THUNDERSTORMS are set to batter Britain ahead of England's last-16 clash against Germany tonight.
Hopes for a summer football season filled with sunshine have been dashed by scattered downpours and rumbling skies forecast in the south.
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The Met Office has issued a yellow alert for thunderstorms, a band of torrential rain, and further flooding that is predicted to swamp southern England.
Flash floods left a trail of destruction in Somerset last night, damaging homes, blocking roads, and leaving several cars stranded.
But nothing can dampen the spirits of the Three Lion's fans, with many hitting the boozers at 7am – and probably ringing in sick before the 5pm kick-off.
Gareth Southgate's side are luckily set to escape the showers at Wembley, where the temperature is set to be a cool 16C as they take on old rivals Germany for a place in the quarter-finals.
But senior Met Office meteorologist Steven Keates warned: "There’s a reasonable chance of rain which could be heavy, at least at times, during the game."
Just a stones throw away in Surrey,West Sussex, Hampshire, the Isle of Wight; Portsmouth; Southampton, Brighton and Hove, yellow alerts are in place.
Also on alert is south-west England, including: Bournemouth; Christchurch and Poole; Devon; Dorset; Somerset; Torbay and Wiltshire, according to the Met Office.
They have warned of a "small chance" of fast-flowing or deep floodwater as the storms let rip.
Many places will miss the worst of deep floods, but the torrential thundery downpours stung Chard in Somerset yesterday evening.
Emergency shelters have been set up to help the worst hit residents, as some were pictured shovelling floodwater from their doorways.
The town's Mayor, Jason Baker, posted on Facebook: "Anyone needing shelter or a warm drink please head to the Guildhall, we will coordinate help and support as we can."
Emergency services confirmed multiple roads had been closed due to the chaotic downpour, as teams worked through the night to clear debris.
A red flood warning remains in place on part of the River Isle from Chard Reservoir to Hambridge.
The warning suggests that flooding is expected in the area and immediate action is required to ensure safety.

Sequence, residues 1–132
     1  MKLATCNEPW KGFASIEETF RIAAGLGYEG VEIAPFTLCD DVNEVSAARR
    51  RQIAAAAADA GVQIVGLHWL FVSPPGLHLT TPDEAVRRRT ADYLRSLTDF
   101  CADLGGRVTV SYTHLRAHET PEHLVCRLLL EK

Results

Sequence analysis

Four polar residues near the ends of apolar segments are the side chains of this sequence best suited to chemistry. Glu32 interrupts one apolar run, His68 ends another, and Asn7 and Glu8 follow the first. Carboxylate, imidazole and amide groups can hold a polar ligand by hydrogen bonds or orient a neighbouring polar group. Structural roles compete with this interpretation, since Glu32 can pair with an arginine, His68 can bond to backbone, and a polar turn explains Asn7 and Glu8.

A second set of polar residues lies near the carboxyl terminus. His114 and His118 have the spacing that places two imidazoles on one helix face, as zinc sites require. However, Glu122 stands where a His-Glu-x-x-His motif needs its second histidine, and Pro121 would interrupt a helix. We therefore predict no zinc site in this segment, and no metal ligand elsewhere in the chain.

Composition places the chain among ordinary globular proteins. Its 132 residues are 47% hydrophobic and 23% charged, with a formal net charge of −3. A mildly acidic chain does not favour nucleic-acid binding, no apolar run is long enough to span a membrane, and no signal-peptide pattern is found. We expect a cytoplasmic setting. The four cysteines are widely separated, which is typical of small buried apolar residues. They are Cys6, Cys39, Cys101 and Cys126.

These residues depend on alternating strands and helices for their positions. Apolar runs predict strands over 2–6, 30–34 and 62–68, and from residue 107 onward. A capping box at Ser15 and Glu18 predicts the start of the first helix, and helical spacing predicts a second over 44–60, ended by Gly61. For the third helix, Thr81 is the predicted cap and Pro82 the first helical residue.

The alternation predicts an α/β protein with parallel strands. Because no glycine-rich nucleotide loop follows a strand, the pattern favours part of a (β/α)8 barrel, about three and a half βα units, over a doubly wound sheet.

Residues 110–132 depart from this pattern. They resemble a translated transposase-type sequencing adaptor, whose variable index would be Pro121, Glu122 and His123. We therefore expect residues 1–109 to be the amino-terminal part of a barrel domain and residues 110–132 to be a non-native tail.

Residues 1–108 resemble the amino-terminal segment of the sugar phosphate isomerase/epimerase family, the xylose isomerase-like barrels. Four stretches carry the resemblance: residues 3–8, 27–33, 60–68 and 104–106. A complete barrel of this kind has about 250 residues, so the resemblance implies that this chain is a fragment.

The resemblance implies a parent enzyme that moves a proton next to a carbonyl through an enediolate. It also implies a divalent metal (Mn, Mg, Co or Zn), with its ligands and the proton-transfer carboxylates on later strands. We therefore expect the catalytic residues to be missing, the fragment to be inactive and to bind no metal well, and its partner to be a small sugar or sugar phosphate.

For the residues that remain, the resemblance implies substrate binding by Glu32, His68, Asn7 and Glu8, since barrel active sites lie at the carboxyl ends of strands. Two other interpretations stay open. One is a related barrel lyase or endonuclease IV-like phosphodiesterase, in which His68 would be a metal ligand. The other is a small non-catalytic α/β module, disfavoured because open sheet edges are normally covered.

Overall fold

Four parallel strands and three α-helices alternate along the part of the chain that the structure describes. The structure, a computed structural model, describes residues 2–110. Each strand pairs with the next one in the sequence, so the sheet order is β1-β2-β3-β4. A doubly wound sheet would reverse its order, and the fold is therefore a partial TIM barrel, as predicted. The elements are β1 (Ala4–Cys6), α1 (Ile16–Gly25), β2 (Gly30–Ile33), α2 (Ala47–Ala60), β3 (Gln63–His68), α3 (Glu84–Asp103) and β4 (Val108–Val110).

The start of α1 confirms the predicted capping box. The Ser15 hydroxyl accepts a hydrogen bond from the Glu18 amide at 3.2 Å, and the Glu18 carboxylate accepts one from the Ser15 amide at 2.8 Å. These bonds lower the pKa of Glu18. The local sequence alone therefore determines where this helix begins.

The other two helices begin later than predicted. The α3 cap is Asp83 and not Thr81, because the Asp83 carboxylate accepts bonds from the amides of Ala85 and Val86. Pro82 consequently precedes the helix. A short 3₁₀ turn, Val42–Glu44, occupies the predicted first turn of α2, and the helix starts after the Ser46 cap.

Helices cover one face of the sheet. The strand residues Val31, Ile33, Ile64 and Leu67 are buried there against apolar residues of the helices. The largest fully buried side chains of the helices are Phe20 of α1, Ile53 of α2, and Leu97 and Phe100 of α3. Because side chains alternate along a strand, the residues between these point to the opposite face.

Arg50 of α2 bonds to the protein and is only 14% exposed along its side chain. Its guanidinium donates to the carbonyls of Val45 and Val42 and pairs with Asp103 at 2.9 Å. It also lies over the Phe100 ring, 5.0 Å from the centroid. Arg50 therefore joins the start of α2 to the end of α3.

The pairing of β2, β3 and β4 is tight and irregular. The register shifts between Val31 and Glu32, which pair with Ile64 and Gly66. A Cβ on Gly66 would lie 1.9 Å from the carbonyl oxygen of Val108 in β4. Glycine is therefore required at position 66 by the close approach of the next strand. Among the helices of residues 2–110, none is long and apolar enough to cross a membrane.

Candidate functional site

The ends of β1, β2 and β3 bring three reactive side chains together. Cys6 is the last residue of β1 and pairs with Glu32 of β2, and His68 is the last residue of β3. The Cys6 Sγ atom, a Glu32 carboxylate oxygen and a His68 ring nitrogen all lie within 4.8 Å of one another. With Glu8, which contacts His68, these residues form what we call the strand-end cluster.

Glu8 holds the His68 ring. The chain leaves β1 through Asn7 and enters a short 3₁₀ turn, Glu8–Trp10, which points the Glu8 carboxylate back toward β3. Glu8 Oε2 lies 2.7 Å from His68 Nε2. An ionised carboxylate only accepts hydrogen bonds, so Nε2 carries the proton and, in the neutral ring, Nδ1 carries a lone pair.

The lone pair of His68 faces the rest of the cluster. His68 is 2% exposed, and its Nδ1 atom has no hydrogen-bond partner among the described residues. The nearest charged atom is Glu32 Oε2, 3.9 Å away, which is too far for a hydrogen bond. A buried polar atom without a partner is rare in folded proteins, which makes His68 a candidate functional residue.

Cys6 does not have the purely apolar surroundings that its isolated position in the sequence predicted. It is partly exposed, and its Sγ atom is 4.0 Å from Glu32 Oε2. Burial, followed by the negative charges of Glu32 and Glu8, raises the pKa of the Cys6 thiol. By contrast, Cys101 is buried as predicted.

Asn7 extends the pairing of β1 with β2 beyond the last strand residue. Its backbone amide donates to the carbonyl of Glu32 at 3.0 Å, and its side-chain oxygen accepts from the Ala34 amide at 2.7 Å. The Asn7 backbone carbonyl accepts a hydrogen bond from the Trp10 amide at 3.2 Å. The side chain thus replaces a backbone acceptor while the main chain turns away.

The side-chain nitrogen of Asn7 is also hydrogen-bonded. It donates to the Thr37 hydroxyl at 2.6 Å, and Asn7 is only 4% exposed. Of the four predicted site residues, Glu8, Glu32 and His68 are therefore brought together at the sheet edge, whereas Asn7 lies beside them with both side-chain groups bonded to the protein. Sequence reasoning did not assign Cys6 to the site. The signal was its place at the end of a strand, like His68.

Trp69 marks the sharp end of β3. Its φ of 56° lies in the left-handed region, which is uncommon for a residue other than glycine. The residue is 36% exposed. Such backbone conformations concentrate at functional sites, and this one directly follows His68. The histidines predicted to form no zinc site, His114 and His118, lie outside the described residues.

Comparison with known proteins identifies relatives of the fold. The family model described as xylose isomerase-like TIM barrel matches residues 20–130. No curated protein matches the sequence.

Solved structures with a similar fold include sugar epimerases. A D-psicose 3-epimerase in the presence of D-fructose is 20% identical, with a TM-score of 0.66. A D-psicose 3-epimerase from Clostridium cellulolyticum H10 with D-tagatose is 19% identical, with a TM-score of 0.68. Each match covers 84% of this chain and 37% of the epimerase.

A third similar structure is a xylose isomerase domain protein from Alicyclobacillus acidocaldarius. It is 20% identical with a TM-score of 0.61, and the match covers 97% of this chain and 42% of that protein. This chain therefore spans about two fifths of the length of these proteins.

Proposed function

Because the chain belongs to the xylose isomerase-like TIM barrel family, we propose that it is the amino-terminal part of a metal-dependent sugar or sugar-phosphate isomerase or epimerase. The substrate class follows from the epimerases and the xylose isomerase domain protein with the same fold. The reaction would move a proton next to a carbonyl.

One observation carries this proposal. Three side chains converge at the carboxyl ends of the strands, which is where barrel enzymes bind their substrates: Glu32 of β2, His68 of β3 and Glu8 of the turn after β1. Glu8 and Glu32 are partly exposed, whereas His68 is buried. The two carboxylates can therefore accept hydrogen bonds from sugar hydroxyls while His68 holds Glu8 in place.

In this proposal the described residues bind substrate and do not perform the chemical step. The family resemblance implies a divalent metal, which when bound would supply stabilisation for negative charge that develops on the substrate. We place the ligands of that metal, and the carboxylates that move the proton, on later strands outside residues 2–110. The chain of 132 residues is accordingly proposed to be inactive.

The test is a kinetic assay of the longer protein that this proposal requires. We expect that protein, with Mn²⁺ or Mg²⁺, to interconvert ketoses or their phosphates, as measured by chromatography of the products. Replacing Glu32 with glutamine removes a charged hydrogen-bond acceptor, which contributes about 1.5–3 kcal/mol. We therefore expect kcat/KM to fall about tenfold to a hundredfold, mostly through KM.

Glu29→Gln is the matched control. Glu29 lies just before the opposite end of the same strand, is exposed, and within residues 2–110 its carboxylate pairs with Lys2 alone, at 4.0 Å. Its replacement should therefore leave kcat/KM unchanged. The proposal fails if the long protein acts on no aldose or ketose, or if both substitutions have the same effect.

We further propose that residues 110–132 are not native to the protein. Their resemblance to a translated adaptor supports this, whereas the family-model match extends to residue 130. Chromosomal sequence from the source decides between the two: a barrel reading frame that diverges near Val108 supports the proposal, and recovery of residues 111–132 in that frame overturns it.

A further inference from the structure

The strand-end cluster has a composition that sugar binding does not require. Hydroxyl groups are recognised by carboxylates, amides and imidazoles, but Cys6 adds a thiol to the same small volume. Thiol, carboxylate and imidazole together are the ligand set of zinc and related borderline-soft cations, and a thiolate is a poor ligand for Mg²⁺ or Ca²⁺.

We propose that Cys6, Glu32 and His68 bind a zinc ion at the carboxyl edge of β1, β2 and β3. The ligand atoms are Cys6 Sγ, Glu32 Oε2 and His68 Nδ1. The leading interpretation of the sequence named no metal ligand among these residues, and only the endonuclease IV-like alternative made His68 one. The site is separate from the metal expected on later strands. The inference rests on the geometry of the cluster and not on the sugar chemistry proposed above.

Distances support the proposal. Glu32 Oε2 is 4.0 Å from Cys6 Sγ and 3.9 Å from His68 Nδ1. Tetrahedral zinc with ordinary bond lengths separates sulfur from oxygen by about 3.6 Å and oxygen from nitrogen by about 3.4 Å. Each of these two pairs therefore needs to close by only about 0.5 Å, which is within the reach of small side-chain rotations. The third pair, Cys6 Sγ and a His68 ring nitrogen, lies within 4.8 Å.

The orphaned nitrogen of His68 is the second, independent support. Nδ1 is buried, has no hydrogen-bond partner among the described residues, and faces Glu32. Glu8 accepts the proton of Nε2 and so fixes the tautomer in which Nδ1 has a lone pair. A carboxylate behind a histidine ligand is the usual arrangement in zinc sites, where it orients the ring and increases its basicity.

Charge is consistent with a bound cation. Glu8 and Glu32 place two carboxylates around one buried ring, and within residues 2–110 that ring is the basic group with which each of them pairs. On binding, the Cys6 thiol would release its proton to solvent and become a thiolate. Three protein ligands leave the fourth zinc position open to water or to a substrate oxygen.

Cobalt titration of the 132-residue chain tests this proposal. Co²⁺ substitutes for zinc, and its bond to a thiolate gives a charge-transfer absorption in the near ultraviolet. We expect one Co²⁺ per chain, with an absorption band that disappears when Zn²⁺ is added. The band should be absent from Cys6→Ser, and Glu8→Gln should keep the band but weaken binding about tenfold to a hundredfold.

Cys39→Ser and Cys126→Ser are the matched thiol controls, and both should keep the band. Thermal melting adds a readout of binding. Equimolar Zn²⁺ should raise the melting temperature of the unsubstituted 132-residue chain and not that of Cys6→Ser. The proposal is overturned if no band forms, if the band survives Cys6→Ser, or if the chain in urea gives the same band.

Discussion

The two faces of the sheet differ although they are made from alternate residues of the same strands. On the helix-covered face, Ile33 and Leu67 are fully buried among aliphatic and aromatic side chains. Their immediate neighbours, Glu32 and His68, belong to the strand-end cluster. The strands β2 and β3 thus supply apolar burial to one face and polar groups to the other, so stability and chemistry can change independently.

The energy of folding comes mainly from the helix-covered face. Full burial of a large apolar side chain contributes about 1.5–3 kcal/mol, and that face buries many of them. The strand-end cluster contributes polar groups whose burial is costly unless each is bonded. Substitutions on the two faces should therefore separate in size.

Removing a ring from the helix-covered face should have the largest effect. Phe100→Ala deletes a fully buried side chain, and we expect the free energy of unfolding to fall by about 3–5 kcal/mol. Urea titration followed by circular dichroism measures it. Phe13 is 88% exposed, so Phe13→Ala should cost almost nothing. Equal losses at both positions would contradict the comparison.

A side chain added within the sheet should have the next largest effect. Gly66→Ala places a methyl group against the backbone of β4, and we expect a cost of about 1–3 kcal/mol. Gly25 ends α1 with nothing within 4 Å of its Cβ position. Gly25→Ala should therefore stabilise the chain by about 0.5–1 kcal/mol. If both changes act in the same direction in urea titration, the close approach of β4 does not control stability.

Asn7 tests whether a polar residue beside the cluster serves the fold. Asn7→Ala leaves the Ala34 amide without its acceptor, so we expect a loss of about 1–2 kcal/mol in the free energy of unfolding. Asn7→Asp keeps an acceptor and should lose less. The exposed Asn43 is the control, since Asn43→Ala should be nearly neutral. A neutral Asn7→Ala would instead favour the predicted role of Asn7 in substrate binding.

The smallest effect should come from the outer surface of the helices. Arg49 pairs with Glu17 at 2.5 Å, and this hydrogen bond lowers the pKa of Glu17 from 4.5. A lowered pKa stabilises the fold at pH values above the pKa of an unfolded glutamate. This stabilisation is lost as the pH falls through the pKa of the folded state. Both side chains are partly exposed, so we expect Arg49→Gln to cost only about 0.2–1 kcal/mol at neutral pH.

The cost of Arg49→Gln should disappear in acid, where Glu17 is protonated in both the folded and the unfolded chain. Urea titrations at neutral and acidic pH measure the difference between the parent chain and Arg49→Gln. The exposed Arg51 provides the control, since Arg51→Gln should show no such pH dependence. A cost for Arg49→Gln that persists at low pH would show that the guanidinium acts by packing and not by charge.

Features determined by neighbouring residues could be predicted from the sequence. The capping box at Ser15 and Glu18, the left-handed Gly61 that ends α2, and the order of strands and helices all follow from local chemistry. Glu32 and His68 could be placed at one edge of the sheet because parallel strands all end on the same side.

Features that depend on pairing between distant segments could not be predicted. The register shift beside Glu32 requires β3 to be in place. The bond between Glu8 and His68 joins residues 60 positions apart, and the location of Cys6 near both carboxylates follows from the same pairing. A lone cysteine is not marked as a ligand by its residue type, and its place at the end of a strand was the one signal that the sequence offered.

And the Euros aren't the only sporting tournament in turmoil over the weather – as the opening days of Wimbledon have also been a washout.
It could see crucial matches at SW19 delayed, postponed, or transferred to the courts with a roof.
Staff were pictured covering the courts in preparation of the wet weather.
The best of the weather is set to stick in the north thanks to high pressure keeping it mostly dry and settled.
Things are set to brighten up towards the weekend in the south with sunny spells as temperatures begin to climb back up as pockets of rain disperse.
Mr Keats continued: "For the rest of the week it looks as though high pressure will stick around, influencing the weather over much of northern and central Britain and Ireland, but southern England, and particularly the South East, will remain at risk of further showers.
"With a broadly easterly flow, North Sea coasts will often be cooler and sometimes cloudier, with the best of the sunshine and the warmth in the sheltered west."
The mercury will rise again on Wednesday and Thursday, with much longed-for sunshine making a welcome return.
July will be ushered in with high pressure from western and northern Europe.
Blue skies will be dragged in by a slow-moving jet stream that makes its way across the country.
And according to the BBC's long-range forecast, a heatwave could hit most of the country next month.
The broadcaster said: "Computer models are very enthusiastic on developing a strong high to our east over Germany and into Scandinavia by mid-July.
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